A consideration of antique Islamic art
17 August 2018
The parties were art dealers and had settled claims relating to a dispute over the sale of antique Islamic art. Mr Shavleyan agreed to pay Mr Simantob USD 1.5m in full and final settlement of all claims. In the event of non-payment by the due date, the settlement agreement provided that Mr Shavleyan pay a daily rate of interest of USD 1,000.
Over the course of several years, Mr Shavleyan made payments to Mr Simantob totalling USD 1.1m. That left USD 400,000 of the debt outstanding, together with more than USD 1m of accrued interest.
The art dealers subsequently entered into an oral agreement, the nature of which was in dispute. Mr Shavleyan argued that the agreement varied the settlement agreement so that eight monthly payments of USD 100,000 would fully discharge his liabilities under the settlement agreement. Mr Simantob denied this, arguing that the eight monthly payments related to a separate transaction for the sale of certain Moroccan and Arabic antiques.
The judge found that the parties had, as a matter of fact, agreed to vary the terms of the settlement agreement to the effect that payment of the USD 800,000 by Mr Shavleyan would discharge all his liabilities under the settlement agreement (including the accrued interest).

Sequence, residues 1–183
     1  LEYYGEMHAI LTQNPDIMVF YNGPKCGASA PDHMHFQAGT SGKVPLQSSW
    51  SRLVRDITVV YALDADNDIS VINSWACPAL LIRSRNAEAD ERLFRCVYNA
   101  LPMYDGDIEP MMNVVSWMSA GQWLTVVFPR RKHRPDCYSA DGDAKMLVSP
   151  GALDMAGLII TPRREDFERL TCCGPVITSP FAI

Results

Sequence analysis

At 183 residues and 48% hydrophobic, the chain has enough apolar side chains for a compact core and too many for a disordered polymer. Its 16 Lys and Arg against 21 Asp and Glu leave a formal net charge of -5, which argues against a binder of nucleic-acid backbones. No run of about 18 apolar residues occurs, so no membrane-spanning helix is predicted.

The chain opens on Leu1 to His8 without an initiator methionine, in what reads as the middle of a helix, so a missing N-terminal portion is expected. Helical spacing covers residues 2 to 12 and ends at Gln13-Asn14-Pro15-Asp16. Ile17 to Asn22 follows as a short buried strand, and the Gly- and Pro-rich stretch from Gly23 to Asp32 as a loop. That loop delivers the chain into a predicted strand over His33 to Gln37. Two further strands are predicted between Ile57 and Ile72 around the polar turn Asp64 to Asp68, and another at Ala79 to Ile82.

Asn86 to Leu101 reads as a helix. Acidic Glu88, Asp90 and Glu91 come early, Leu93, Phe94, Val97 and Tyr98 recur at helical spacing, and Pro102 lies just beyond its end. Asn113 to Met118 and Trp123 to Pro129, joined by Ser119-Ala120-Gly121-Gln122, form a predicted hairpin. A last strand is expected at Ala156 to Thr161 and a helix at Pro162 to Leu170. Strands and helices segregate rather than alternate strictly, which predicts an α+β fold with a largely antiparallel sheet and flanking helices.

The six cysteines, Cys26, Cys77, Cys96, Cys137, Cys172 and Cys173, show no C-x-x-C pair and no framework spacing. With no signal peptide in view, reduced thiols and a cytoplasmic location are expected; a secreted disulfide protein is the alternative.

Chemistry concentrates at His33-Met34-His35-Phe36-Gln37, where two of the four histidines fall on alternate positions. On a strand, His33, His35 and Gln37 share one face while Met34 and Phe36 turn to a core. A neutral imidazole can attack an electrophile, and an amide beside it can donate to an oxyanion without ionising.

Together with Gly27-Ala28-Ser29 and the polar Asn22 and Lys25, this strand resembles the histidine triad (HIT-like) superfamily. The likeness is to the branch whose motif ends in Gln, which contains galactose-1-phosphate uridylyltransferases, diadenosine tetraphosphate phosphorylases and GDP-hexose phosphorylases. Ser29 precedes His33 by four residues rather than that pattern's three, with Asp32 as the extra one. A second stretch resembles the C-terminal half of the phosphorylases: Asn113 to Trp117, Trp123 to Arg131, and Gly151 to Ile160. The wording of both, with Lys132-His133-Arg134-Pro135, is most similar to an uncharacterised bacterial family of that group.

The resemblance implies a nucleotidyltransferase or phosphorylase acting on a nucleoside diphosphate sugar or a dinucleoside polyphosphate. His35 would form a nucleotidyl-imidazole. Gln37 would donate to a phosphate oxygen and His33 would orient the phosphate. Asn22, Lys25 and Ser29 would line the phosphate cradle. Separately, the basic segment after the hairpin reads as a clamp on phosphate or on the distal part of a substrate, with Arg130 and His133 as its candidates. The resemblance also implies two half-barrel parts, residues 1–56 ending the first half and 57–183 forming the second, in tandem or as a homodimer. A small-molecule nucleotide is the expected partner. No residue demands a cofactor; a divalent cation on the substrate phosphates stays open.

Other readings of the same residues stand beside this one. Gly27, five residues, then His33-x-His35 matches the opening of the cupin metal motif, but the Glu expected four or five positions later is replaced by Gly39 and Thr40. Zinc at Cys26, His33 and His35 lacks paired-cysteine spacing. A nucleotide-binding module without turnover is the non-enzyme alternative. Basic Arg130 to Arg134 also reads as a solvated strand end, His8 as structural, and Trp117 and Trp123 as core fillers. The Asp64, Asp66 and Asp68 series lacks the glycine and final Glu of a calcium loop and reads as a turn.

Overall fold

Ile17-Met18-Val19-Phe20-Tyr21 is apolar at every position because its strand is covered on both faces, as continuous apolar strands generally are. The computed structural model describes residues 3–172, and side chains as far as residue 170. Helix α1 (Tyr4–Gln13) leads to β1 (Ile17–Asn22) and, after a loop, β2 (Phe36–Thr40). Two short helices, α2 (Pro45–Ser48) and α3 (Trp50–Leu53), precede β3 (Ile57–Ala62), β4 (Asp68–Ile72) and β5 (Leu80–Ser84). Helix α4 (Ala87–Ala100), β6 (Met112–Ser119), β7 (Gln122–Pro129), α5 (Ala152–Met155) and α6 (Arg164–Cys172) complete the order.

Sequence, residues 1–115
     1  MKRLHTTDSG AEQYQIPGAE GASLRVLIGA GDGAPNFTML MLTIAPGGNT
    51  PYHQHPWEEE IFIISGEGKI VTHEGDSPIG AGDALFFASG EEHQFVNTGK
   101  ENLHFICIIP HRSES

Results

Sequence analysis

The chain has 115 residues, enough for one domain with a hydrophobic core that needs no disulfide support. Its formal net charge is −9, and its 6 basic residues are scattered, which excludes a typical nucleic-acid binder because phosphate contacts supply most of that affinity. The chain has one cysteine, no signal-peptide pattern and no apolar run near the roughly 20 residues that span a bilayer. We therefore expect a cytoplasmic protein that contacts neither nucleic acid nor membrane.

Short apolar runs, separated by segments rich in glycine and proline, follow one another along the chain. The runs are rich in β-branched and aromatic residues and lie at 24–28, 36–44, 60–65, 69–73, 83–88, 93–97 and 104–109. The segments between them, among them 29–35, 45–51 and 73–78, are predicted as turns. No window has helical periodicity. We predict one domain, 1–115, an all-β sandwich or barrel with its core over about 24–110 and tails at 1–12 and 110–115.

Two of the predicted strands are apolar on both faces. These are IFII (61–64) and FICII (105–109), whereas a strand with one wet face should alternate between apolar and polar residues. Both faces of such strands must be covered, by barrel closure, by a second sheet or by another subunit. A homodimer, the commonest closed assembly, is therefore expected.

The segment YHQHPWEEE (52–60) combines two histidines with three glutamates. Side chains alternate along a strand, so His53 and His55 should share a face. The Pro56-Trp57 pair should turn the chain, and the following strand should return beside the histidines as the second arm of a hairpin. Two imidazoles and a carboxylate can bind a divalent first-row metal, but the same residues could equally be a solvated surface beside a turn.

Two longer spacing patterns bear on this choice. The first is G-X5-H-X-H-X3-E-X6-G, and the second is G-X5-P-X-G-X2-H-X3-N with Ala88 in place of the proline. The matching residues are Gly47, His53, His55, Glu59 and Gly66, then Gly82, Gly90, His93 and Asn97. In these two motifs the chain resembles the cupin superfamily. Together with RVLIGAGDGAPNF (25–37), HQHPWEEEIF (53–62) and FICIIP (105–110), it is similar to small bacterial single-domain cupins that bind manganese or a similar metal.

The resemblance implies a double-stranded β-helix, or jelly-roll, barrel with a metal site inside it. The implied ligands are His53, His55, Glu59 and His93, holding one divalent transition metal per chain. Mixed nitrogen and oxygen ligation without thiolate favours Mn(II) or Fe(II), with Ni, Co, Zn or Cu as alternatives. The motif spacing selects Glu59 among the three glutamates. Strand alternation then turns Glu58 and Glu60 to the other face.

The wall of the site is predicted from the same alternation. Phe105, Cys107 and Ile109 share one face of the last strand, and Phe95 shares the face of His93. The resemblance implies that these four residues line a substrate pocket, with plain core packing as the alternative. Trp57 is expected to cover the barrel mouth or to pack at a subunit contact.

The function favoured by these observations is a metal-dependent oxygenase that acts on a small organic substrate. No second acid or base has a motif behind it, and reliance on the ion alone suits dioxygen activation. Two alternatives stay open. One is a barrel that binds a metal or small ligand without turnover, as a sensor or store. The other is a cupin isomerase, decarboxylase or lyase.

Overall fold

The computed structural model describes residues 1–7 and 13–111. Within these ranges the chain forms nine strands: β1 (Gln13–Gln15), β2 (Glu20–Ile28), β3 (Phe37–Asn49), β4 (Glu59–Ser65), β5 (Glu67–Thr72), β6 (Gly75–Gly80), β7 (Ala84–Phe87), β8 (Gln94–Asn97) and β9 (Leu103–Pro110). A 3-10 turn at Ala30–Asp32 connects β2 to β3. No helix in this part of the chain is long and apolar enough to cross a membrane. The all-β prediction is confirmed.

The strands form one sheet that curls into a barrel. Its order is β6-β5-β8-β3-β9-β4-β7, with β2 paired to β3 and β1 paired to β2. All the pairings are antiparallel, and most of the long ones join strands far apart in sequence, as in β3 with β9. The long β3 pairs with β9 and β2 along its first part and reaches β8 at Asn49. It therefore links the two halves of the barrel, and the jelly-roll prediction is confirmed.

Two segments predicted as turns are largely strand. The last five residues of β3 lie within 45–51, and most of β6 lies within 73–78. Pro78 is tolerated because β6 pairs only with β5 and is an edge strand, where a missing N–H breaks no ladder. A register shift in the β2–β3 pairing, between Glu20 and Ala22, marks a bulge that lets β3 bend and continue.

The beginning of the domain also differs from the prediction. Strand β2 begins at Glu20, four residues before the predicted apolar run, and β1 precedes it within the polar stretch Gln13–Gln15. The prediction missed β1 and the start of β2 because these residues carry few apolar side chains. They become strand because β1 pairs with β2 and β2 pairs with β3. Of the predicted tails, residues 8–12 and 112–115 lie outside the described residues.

The judge then had to determine whether there was good consideration for this variation. In finding that there was, the judge held that the “additional benefit” was in Mr Shavleyan giving up his claims that the settlement agreement was invalid, and that the USD 1,000-a-day interest provision was void as a penalty.
The judge was also mindful of the tight-knit community in which the parties operated and recognised that Mr Simantob would gain the approval of his peers, and continued access to Mr Shavleyan’s expertise and contacts, if he accepted the variation. However, he did not believe that, on the current state of the law, these benefits could be considered good consideration.
Update June 2019: This decision has been upheld on appeal. The main argument was that, as a matter of public policy, giving up a claim that a provision was void as a penalty could not amount to consideration where the court had ultimately found the clause not to be penal (which it had done in separate proceedings). The Court of Appeal disagreed: it's one thing give up a claim that you have no confidence in; it's a different thing to concede a claim that raises a doubtful or undecided point. Moreover, public policy also goes to upholding commercial bargains.